Groundcover spree

Groundcover spree

This weekend I felt like a high roller. Picture less Vegas vacation, diamonds, cars and rolling around on piles of cash. More rolling around on piles of groundcovers and you’ve got the idea. We’re among gardeners here. You guys get it. Thanks to Tamara of Chickadee Gardens, a bunch of garden bloggers were invited out to ogle, photograph, and shop the 50+ wholesale sized greenhouses at Little Prince of Oregon. I had to pinch myself, because this was my very dream for this spring. I’m on a groundcover blitz, as part of my speed gardening strategy to recover from last year’s puppy devastation out there. There may be no better place to fulfill this mission. Little Prince has a HUGE collection of (dog) foot traffic friendly groundcovers, and I was checking things off my wish list left and right. Of course you always remember the one that got away. The plant shown up top is to die for, right? It’s killing me. It was flagged for another customer, so I am without. At least I got to pet its soft foliage briefly. Be on the lookout for Selaginella kraussiana ‘Brownii’. Luckily there were plenty of wish-listers that were not spoken for. Inexplicably, I let one get away completely without a fight. The Scleranthus uniflorus I was dying for when I saw it on Danger Garden? The tag said it needs sharp drainage, which, if I’m being honest, is hard to come by in my garden. So I made Patricia buy three. She has the rock wall to make it happen, and I can always visit and live vicariously. Now...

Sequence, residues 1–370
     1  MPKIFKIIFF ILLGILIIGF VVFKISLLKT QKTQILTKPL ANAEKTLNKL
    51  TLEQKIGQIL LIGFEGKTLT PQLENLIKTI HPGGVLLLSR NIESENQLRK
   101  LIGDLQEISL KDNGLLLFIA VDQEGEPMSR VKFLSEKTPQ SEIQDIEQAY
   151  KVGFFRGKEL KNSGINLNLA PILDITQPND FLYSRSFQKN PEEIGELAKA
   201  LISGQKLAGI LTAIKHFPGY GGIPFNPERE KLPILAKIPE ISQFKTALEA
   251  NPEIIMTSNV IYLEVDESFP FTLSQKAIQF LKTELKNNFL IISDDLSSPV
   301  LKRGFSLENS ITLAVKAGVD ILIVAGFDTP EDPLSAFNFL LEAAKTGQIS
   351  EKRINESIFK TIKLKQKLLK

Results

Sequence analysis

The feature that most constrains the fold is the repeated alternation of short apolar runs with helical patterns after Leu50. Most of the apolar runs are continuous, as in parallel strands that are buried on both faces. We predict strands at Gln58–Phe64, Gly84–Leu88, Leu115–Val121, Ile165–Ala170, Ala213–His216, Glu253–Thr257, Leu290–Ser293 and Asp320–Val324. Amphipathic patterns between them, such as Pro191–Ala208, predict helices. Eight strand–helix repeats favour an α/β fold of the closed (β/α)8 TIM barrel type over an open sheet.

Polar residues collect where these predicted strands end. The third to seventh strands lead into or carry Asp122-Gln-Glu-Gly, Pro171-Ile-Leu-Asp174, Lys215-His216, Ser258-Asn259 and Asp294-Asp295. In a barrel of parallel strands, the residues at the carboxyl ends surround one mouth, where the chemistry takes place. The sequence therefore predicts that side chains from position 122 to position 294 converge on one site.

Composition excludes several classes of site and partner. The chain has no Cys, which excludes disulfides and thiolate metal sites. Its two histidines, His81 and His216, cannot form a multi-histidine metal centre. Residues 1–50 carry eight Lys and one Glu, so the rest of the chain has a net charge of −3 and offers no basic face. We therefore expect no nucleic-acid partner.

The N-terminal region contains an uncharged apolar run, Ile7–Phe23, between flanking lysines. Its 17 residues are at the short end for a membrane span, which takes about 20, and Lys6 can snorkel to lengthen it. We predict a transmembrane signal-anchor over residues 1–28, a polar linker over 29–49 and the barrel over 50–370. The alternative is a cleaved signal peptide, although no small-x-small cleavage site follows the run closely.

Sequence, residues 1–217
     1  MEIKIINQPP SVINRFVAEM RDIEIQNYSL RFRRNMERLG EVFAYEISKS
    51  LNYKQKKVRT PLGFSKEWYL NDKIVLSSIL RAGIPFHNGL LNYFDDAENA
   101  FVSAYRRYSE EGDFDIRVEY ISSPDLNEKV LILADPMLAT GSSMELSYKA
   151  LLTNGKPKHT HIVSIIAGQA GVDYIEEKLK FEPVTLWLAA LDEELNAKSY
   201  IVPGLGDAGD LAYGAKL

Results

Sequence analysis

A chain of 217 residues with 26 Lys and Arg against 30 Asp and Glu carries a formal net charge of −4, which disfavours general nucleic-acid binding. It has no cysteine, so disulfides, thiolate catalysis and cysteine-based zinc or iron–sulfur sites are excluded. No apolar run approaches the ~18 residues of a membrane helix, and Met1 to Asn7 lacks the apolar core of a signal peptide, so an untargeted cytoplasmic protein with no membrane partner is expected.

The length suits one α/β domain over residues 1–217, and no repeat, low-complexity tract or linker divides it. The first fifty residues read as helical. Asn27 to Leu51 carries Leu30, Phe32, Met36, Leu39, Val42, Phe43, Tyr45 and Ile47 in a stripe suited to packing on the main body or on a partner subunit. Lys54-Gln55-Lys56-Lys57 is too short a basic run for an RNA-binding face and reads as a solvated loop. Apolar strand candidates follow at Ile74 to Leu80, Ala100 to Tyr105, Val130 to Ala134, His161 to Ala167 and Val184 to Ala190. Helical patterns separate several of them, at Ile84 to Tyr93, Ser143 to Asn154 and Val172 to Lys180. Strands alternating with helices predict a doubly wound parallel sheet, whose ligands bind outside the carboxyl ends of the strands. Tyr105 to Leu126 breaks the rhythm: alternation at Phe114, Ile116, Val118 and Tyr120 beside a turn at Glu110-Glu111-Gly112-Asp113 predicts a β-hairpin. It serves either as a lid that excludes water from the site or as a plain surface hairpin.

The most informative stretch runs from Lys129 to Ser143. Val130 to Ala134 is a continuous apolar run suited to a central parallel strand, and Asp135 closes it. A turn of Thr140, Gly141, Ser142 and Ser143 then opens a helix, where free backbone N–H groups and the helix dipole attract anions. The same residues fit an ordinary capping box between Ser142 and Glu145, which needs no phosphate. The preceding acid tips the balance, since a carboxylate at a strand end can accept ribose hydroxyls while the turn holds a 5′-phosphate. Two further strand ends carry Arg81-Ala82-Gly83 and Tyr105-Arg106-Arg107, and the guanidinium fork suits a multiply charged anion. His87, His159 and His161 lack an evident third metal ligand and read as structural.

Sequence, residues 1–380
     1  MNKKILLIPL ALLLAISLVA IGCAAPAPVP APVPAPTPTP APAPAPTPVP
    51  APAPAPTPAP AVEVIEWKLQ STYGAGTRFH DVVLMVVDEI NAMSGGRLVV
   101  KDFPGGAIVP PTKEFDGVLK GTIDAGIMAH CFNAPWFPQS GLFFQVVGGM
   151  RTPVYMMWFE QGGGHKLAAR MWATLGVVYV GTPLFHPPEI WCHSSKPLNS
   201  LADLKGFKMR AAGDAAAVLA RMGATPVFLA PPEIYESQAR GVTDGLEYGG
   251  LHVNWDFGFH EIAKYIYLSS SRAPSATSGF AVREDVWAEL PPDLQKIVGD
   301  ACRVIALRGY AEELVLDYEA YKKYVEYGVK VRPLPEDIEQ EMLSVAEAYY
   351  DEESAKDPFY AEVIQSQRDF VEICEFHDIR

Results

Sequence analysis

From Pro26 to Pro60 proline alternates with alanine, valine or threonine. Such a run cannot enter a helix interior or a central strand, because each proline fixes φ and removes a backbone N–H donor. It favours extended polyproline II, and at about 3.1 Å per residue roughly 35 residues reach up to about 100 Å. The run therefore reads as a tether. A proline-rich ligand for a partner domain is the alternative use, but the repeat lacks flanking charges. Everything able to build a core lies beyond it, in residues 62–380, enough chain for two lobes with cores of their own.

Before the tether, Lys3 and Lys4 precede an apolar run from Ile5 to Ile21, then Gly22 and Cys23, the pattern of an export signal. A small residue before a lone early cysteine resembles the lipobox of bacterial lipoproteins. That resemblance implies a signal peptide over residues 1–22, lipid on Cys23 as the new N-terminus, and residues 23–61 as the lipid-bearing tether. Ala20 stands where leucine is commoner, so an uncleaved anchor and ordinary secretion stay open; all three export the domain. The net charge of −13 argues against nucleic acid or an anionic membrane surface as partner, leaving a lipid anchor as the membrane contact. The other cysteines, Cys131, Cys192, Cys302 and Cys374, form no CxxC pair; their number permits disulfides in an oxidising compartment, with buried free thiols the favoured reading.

A few good moss imposters

A few good moss imposters

Tell me I’m not alone. Now that it’s all moist and mossy out there, I frequently see moss that stops me in my tracks. There are just so many strange-good variations. I’m pretty sure people think I’m nuts, stooped and closely examining a rock or a spot of bark dust in a parking lot. “But this moss is different from the other moss, and I need to see what it feels like” I want to explain. But either I still look crazy, or I’m talking to a fellow crazy plant person, in which case they already understand. Some moss is soft and golden and feathery, and you can’t help but run your fingers through it. Some moss is sprouting what look like tiny spiky conifers. Some moss (or lichen?) is coarse and papery and looks like it has fallen from the trees.  It was firmly planted, I checked. Some patches of moss serve as placemats for snacking birds. Some mosses appear to be growing their own mosses. Moss on moss. Some mosses are growing their own Mexican Feather Grass. Some look like they’re part of a tide pool scene with sedums and sempervivums for sea anemones. And others look like alien life forms. But mostly moss is fleeting and comes and goes at will, rarely tamed by gardeners. Because we always want what we can’t have, I get very excited when I find plants that mimic moss. I have a new plant crush. Must have Bolax gummifera, which I’m currently unable to find, making me want it even more. It’s hardy to zone 6a so there’s no reason not to give...